Requiem for the iPod Classic

23 06 2010

The iPod can essentially be thanked (or cursed) for accelerating Apple’s renaissance and rise into the technological (evil) empire it has become today. Sure, having Steve Jobs come back, and making your computers fruity colored and aesthetically pleasing helped, but the iPod provided the general public an object relatively cheap enough where everyone in middle America could own one, but expensive enough to make it into a status symbol.

The iPod has evolved from a (then) small MP3 player that could hold 5 gigabytes of music (which, in 2001, was, like, a bajillion CDs!), to a new product line that is arguably now Apple’s (and AT&T in America’s) prize horse: the iPhone. Its fourth generation is due in stores tomorrow, and people who pre-ordered have, for the most part, received them now.

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Television (Review): Gravity

21 06 2010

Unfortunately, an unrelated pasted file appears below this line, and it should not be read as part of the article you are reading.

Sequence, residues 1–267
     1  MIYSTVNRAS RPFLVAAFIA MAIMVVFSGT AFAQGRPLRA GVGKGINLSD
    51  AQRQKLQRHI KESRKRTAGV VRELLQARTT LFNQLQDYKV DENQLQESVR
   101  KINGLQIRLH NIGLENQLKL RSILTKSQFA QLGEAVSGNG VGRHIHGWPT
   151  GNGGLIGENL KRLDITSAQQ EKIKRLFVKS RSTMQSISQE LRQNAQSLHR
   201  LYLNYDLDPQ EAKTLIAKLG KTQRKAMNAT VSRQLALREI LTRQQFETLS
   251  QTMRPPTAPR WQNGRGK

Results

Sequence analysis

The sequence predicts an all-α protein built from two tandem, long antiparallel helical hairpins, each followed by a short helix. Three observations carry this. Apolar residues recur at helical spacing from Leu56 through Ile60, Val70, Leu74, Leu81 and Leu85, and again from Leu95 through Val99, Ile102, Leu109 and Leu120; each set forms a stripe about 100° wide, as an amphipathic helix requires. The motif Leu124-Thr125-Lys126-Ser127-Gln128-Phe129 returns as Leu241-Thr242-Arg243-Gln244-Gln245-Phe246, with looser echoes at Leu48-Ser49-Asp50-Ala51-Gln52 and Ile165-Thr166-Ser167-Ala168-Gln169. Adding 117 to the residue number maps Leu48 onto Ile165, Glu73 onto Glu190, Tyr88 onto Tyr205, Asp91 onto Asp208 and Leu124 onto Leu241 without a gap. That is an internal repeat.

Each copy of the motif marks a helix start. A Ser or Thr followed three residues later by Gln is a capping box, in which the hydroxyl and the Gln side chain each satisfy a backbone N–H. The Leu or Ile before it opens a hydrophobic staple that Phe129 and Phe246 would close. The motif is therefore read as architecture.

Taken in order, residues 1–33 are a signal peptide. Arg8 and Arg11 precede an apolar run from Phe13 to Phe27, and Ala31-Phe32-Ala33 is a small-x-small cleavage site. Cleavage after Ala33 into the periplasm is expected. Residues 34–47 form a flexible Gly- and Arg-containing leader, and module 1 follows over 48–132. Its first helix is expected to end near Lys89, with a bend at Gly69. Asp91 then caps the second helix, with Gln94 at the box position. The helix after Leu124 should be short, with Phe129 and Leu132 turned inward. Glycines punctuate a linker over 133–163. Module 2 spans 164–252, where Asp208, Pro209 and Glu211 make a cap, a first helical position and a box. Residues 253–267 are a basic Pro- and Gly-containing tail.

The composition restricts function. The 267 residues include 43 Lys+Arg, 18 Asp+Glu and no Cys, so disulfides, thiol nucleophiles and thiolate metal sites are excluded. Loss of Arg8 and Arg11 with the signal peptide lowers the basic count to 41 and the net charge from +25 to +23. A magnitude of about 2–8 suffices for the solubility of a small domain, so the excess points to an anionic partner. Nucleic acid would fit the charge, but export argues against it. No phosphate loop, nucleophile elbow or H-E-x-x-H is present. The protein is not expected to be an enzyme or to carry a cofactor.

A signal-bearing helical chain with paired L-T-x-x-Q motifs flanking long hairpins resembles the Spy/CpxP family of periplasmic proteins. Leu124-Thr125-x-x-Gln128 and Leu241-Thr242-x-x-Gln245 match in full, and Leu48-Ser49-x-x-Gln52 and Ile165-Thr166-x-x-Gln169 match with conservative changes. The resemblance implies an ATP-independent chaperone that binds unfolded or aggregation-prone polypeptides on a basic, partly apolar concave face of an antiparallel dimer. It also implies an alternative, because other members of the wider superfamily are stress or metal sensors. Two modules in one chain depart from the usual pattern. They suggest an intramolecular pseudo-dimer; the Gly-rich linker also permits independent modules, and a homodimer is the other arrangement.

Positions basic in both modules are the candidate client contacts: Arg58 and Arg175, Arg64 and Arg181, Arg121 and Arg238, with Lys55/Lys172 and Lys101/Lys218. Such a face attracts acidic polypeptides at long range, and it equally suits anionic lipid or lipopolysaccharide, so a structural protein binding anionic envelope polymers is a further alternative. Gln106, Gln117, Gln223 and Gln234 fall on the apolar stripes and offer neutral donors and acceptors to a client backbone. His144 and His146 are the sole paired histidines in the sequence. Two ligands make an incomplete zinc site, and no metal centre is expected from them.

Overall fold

Always interesting, sometimes cheesy, and slightly abstract are some ways to describe Gravity’s strong points. Gravity is a little show nearing the end of it’s first season on Starz. For those of you this may come as a shock… Firstly, Starz is a real channel… Secondly, they have their own programing. You’ve probably seen a promo or two for one of their other series, Party Down, which follows the exploits of a catering crew (and toted Glee’s Jane Lynch as a regular member for season one and Will & Grace’s Megan Mullally in the current season) or heard of their series Crash, which deals in the same subject matter as the identically named movie.  Anyway, back to the subject at hand: Gravity details a group of suicide ‘dummies’ – a ragtag group of suicide attempters who have been forced into a support group. The show centers on the budding relationship of Lily and Robert, as well as the exploits of the rest of the group.